I had a brief infestation last summer, I forget why, but I discovered that if you turn off all the lights in the house at sunset, the flies will gather at a window and you can just let them out. After doing this 3 days in a row I had no flies. There are always a few stupid flies who can't find the opening and these deserve to die.


Posted by: mcmc | Link to this comment | 06-29-09 9:17 PM
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How hot does your compost get?

Uh, like you want me to stick a thermometer in? I'll do it, if need be. Air temps have been in the 80s and low 90s, and we're well above normal rain levels, so lots of humidity.


Posted by: Stanley | Link to this comment | 06-29-09 9:17 PM
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Meat in your compost will attract scavengers. Your compost will be ripped apart by tiny, filthy animals. You think the flies are bad?

As for the flies, is your compost drum, you know, sealed? It's my understanding that a key component to getting the internal temperature hot enough is to seal it and rotate it or something. If Ron Paul hadn't destroyed your roommates' minds they would probably be able to research this but instead I imagine them sitting around waiting for the privilege of paying a per-usage fee for the internet to offset the horror of having the government develop it in the first place, saying to themselves, "Just wait - once this baby's metered it is on!" I say this in perfectly good humor, though, seriously.


Posted by: Robust McManlyPants | Link to this comment | 06-29-09 9:18 PM
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16: It's got a lid but no bottom. Laydeez.

And you made me laugh.


Posted by: Stanley | Link to this comment | 06-29-09 9:21 PM
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Let's pretend I have a large plastic trash can with some holes drilled in the sides into which I've been dumping kitchen and yard waste, in roughly equal measure, though the winter doesn't give us much yard waste, for about a year now. If it were now completely full, but the top were by no means done, what would my best course of action be?


Posted by: dob | Link to this comment | 06-29-09 9:24 PM
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I looked for flystrips or flypaper once. As far as I can tell, it does not exist. Not at Target, or any sort of Löws or Home Depot, or Walmart, or a pharmacy, or an independent hardware store. Someone told me it might be found at a horse stable supply store, but I don't think one of those is on any bus route I know.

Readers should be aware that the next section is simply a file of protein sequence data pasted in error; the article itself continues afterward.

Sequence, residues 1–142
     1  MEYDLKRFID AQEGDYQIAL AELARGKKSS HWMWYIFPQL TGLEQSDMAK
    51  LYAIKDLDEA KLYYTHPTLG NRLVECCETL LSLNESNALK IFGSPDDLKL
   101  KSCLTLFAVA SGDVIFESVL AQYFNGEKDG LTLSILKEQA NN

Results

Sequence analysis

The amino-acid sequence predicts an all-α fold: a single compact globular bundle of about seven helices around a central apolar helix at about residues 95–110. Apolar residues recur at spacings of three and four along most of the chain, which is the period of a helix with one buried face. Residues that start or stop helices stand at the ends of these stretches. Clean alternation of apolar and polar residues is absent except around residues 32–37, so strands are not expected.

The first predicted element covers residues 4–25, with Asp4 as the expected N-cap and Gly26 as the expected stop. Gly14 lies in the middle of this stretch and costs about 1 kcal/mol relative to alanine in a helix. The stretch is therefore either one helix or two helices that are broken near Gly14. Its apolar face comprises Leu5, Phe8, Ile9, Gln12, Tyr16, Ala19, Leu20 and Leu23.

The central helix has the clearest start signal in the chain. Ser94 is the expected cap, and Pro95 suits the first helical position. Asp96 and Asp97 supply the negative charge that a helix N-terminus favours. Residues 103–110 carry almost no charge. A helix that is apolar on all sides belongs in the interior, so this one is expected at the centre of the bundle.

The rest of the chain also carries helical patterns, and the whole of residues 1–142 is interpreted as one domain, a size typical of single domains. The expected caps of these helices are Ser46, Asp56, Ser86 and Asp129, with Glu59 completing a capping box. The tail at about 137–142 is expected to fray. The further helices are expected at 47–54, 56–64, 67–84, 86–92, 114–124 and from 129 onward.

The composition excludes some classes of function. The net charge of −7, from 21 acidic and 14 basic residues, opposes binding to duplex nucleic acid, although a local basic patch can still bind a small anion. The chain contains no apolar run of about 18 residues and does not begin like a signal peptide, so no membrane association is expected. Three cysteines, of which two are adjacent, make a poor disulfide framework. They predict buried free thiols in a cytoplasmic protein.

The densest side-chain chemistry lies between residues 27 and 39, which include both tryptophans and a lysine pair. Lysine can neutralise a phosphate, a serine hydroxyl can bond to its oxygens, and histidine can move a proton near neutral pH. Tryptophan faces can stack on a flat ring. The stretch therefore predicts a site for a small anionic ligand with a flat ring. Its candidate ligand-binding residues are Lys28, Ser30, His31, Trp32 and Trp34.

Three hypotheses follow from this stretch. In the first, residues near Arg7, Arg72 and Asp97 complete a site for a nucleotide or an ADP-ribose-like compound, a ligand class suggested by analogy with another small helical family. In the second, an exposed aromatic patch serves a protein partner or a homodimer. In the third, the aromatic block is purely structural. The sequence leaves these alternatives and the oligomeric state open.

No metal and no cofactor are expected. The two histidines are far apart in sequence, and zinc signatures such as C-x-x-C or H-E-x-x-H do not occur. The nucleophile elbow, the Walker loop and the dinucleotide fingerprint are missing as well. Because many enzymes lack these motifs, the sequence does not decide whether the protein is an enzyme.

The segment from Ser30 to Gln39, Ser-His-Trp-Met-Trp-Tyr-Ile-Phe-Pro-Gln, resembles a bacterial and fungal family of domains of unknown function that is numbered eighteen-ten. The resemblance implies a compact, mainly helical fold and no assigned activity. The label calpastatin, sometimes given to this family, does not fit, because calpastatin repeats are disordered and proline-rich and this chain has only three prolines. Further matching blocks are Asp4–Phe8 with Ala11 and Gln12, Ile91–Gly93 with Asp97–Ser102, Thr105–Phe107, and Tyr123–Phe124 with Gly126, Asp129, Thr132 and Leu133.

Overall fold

At Home Depot there were these four-sided rectangular flystrip things which looked like birdhouses. I hung a couple up in the kitchen. Flies landed on them and then took off and flew away. I guess the flies weren't actually able to walk around on them, but for every hundred times a fly landed on one, it got stuck maybe once.


Posted by: Cryptic ned | Link to this comment | 06-29-09 9:29 PM
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Horse barns do often have fly strips still so they probably sell them at tack shops. Two types of people are mostly involved in equestrian activities- the very wealthy and the rural truck-driving sort. Neither much take the bus, which is partly why you're not likely to see a tack store on a bus route.


Posted by: Matt (not the famous one) | Link to this comment | 06-29-09 9:39 PM
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I can find flystrips, but the flies ignore them.

Friends of mine have had good results with these. Disposing of the bag of dead flies isn't fun, though.


Posted by: Wrongshore | Link to this comment | 06-29-09 9:49 PM
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IME, which includes composting for a co-op that produced around half a five gallon bucket of kitchen waste on an average day, you can be pretty casual about the green/brown ratio without things getting bad. The key to inoffensive compost is oxygen. You need to turn your compost over around twice a week if it's getting smelly; if oxygen is getting to the bottom of the pile, it won't stink or attract flies.